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WhiskyFun Legends: Lagavulin 1985 21 Year Old

Welcome back to another installment of WhiskyFun Legends. This week, we take a look at the Lagavulin 1985 21 Year Old. Can it compete with the younger, and extremely popular 16 year old expression? 

Make sure to catch up on the previous installments of WhiskyFun Legends here and here

Lagavulin 1985 21 Year Old b.2007 

Lagavulin Distillery has long been famed for its 16 year old expression, which is a must-have for any Islay whisky lover. The scotch also has some celebrity fans, such as Nick Offerman, who has collaborated with the brand on multiple occasions. Most recently, Lagavulin created an 11 Year Old expression with the help of Offerman. 

However, the Islay distillery is able to showcase an impressive range of age statements, as is shown by the Lagavulin 1985 21 Year Old. 

This Lagavulin was distilled three years prior to the distillery’s selection for Diageo’s Classic Malts range which, arguably, thrust Lagavulin into the limelight. The 16 year old expression was introduced in the 1980s and has since won numerous awards including Gold at the World Whiskies Awards in the category of Islay Single Malt 13 to 20 Years in 2016.

Whilst the 16 year old was making waves, this 21 year old expression was quietly maturing. It was bottled at cask strength in 2007 and released as part of Diageo’s Special Releases in that same year. Only 6,642 bottles were produced. The scotch garnered huge acclaim and notably impressed Serge Valentin at WhiskyFun. 

Serge Valentin’s Tasting Notes on the Lagavulin 1985 21 Year Old 

Serge Valentin sampled the Lagavulin 1985 21 Year Old just after its release in September 2007. He, too, noted the fame of Lagavulin’s 16 Year Old and was eager to try an older expression: 

“The 16yo has long been to Lagavulin what the 911 was to Porsche but we’re more than happy to see more variants coming out, especially since those are more Turbos than Boxters in our opinion… 

Okay, enough crappy analogies, let’s try this brand new 21yo, due for later this autumn (we already had a taste of a pre-vatting at the Islay Festival). It’s an important bottling, as it comes from Spanish sherry European oak casks only – not American oak like often with sherry. Besides, we’ve been told that there won’t be any other ‘full sherry’ versions in the future. 

Colour: full amber. 

Nose: what is striking are the obvious common roots between the old 12yo and this new 21yo. This one is more ‘direct’ at first nosing, though. Sweeter, creamier, immediately on peat plus sherry plus the assembling of both (if you see what I mean)… Simple? Indeed, but just for a few seconds, as it then starts to shoot aromatic arrows one after the other. Menthol, hazelnut oil, oxtail, prunes, orange marmalade, smoked ham, curry, mustard (hints), walnut liqueur. Slight hints of phosphorus (although not like a ‘simple’ bunch of matchsticks).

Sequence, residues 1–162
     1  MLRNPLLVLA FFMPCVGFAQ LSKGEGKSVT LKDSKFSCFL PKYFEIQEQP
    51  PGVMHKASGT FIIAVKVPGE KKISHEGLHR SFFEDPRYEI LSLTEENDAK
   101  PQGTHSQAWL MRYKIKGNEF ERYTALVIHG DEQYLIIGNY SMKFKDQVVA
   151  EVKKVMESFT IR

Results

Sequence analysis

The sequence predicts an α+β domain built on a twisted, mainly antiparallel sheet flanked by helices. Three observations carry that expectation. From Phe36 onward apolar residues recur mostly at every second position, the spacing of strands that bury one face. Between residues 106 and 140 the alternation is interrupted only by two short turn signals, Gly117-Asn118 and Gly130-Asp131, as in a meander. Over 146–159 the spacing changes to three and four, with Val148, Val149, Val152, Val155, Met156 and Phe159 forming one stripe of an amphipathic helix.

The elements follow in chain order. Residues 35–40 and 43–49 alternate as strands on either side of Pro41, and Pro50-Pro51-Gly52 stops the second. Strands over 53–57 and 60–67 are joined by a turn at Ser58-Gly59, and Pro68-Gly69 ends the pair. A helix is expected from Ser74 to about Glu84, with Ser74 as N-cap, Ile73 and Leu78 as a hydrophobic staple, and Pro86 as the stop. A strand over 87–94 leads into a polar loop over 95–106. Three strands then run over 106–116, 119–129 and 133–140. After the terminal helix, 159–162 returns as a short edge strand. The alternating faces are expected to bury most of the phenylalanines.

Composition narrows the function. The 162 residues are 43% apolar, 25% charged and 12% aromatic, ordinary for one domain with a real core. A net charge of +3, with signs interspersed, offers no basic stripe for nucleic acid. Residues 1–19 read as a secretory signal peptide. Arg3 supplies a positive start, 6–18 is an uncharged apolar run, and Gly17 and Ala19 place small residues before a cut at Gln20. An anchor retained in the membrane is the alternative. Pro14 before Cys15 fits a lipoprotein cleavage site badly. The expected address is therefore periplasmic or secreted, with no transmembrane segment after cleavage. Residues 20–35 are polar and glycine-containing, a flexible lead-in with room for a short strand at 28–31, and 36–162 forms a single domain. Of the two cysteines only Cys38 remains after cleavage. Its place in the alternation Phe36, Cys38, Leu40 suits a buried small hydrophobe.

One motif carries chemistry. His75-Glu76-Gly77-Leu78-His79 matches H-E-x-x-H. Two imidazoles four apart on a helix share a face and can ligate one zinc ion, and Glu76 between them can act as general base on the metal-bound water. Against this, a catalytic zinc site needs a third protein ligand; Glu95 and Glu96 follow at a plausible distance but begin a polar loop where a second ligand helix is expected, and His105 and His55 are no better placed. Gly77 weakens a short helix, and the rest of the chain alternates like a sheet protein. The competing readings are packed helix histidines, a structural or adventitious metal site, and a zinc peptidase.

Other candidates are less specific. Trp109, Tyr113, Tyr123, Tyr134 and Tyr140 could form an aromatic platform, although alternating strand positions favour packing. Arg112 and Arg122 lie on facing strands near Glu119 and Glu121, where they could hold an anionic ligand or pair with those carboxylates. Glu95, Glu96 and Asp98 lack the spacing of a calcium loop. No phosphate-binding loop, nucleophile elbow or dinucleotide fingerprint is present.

And it goes on, getting wilder now… Game (just like in the old 12yo), eucalyptus (I know brands are not cool but I’d dare to say ‘Vicks’)… And then strawberry jam, sea water… Please take your time when you’ll try this one, the development is ‘very gradual’ but it’s really worth it. A fireworks show. 

Mouth: here’s the punch that the 12yo was lacking, but also a slight ‘brutality’ at the attack. A true peaty grip in fact and an extreme ‘ampleur’. Quite some pepper, walnuts, crystallised ginger, strong liquorice, tar, mint and eucalyptus sweets again (very bold!), bitter oranges… And a powerful smokiness. The saltiness grows bolder as well… No sulphur that I can get… Wood ashes, herb liqueurs (green Chartreuse – are you listening, O.?), Havana tobacco (like when you chew your cigar). Also hints of ripe gooseberries and dried longans. And sticky toffee pudding, of course. 

Finish: very long, concentrated, ample, salty and liquoricy – amusing how this one makes you thirsty. We also tried it with water, it got more on mint and eucalyptus (and oranges) but other than that the general profile stayed the same. Who said this was an important bottling? 95 points.” 

The Price of the Lagavulin 1985 21 Year Old At Auction 

The demand for this rare and delicious Lagavulin expression is obvious at auction, as you will need between £1,800-£2,500 for a bottle on average. 

In addition to the price, the bottle does not appear at auction very often, with only three results in 2024 so far. 

Shop Lagavulin 

If you are looking to buy Lagavulin scotch whisky then take a look at the Mark Littler Shop. We have a fantastic selection including the famed Lagavulin 16 Year Old and a rare 15 year old ceramic decanter

Browse the full collection here.

Beth Squires

Beth joined Mark Littler Ltd full-time in October 2020 following the completion of her university degree. Since then she has gained wide-ranging knowledge of all things whisk(e)y, and has written extensively for both company and external publications. Beth is passionate about industry innovation, marketing, and sustainability. With a particular affinity for independently bottled rare scotch, Beth is also a whisky bottle investment specialist.

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